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I'm Sorry I Haven't A Clue
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I'm Sorry I Haven't A Clue

I'm Sorry I Haven't A Clue is a comedy radio programme broadcast on BBC Radio 4 (from April 11 1972 to the present day). The show bills itself as "the antidote to panel games", in which a panel of comedians are "given silly things to do".

Table of contents
1 Format
2 Participants
3 Humour
4 Games
5 Non-game segments
6 History
7 External links

Format

The show roughly follows standard panel game format. There is a chairman and a panel of four comedians. The show is structured as a sequence of rounds. In each round the panellists play a nominally-competitive game, a different game for each round. Between rounds the chairman chats, reads out letters (which are generally assumed to be fake), and generally provides some variety from the games.

In most games the panellists play as individuals, but for some games they are grouped into two teams of two. Most of the games involve interaction between the players, but the team games tend to consist of separate efforts.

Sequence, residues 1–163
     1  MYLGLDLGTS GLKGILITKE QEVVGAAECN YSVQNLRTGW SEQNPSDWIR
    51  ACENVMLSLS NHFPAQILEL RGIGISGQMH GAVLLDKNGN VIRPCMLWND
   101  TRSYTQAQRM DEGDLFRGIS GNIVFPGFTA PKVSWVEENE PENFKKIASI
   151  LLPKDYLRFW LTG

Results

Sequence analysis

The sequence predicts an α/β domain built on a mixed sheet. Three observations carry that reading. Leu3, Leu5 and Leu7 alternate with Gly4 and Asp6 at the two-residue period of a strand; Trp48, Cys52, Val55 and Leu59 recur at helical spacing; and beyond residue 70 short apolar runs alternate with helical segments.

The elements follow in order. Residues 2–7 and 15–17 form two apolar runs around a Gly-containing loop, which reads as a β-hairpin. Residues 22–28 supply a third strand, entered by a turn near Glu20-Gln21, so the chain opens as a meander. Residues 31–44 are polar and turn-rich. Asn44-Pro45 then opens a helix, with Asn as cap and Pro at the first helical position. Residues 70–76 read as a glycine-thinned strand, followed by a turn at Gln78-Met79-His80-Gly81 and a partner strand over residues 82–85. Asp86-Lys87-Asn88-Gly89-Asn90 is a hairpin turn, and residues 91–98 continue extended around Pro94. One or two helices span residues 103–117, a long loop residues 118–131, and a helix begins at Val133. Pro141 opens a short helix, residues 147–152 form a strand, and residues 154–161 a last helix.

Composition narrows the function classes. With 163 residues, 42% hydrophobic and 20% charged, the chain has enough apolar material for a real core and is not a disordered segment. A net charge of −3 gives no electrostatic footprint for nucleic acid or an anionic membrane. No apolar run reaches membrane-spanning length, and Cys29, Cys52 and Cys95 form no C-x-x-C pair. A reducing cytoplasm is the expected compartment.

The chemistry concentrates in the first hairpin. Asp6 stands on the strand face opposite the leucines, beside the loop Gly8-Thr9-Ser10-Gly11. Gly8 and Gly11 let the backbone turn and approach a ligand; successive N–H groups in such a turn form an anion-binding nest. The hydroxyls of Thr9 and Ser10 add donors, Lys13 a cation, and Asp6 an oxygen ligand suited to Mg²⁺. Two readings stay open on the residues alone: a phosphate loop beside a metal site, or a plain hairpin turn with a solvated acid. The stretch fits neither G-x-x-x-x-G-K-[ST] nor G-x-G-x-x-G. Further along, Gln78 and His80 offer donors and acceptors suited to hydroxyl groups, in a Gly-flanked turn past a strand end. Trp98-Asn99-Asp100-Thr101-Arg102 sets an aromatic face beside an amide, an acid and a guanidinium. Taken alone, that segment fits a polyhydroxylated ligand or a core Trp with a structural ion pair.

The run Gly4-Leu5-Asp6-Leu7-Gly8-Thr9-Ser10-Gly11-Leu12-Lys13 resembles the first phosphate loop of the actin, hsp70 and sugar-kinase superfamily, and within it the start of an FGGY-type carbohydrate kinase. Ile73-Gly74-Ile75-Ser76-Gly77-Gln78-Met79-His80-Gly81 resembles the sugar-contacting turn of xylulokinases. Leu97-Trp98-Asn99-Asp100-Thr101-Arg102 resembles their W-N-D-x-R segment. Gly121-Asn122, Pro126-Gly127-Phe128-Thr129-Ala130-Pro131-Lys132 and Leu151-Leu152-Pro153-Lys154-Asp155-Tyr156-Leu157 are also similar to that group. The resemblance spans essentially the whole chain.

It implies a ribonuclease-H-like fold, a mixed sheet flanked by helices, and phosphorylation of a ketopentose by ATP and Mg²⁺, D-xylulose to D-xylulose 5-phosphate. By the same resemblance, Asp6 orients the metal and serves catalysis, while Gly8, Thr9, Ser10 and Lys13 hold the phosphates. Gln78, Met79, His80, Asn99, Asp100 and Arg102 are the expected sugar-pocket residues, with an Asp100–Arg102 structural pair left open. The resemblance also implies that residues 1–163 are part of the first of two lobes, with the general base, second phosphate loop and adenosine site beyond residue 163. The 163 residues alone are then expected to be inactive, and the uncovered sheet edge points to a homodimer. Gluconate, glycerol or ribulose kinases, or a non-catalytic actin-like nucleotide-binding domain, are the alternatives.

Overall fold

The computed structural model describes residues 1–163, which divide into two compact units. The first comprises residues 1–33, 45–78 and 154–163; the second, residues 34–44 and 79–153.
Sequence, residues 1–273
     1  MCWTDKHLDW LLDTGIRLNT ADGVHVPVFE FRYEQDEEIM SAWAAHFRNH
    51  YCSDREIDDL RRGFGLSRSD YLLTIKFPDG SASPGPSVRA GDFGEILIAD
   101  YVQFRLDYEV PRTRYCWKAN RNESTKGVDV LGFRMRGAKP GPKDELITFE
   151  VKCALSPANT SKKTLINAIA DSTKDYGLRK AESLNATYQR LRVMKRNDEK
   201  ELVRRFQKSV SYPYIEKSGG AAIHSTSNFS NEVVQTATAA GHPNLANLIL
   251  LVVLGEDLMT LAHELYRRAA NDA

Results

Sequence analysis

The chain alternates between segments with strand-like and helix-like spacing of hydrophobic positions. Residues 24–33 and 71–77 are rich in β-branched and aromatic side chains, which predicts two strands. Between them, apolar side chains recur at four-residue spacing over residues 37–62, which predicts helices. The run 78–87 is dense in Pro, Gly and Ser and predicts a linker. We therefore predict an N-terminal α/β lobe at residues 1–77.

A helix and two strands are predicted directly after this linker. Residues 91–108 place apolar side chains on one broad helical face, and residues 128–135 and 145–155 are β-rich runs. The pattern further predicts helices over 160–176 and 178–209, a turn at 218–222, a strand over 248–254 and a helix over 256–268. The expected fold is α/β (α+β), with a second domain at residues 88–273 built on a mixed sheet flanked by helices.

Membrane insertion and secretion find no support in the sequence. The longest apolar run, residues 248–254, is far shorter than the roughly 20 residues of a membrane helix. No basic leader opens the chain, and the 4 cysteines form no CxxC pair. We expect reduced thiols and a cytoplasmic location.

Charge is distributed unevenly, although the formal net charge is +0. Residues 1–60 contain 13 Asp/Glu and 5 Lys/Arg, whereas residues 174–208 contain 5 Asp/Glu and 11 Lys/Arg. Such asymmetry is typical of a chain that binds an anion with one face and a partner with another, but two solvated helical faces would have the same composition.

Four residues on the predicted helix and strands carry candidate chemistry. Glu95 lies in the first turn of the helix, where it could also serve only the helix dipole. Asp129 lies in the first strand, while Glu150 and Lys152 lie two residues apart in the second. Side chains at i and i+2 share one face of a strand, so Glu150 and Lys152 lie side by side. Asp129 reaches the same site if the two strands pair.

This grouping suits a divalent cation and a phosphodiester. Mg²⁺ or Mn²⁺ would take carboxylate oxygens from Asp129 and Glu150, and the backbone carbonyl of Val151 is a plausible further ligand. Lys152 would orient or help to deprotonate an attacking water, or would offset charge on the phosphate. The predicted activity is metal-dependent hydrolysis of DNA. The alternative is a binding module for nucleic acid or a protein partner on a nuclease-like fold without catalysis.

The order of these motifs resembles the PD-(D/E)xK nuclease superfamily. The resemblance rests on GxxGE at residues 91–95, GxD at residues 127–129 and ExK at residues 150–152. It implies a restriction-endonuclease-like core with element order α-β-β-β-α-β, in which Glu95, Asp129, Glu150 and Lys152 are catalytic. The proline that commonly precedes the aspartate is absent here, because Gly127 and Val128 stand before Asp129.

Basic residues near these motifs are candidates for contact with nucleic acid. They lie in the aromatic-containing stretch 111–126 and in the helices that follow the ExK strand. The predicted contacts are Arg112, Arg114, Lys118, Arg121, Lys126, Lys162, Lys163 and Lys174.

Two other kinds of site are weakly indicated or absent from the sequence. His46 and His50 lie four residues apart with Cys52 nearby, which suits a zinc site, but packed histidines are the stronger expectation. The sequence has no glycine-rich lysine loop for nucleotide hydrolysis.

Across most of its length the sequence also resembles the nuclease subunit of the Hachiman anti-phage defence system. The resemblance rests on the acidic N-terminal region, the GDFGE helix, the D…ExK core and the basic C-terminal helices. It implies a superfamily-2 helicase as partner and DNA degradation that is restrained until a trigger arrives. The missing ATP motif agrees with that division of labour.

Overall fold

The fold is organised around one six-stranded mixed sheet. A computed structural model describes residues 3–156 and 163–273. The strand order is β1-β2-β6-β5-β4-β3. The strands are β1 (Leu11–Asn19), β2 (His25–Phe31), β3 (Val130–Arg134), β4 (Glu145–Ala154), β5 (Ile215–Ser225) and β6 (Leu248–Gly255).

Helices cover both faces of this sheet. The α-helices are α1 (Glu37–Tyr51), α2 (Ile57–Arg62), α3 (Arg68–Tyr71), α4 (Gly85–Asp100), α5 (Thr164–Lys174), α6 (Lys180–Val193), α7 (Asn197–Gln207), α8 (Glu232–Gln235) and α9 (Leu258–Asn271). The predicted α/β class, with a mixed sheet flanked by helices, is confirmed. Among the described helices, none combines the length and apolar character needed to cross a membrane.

Although most of the games have some rule to determine a winner, in fact the show is not competitive in the slightest degree. There is no scoring; there is never any reference to the score during the show, and no winner is announced. Some games lack even the appearance of competitiveness.

Participants

The chairman is Humphrey Lyttelton, generally referred to as "Humph".

The regular panellists are:

Since the death of Willie Rushton, the fourth panel member is normally a fortnightly guest. Guest panellists have included: Colin Sell usually provides musicial accompaniment to some of the games. Guest pianist, when Colin Sell has been double booked and the ISIHAC team have won the coin toss, has been former Bonzo Dog Doo-Dah Band member and Monty Python collaborator Neil Innes.

Humour

Many of the games are inherently humourous; see below for discussion. All games are played for laughs, even when theoretically capable of being taken seriously.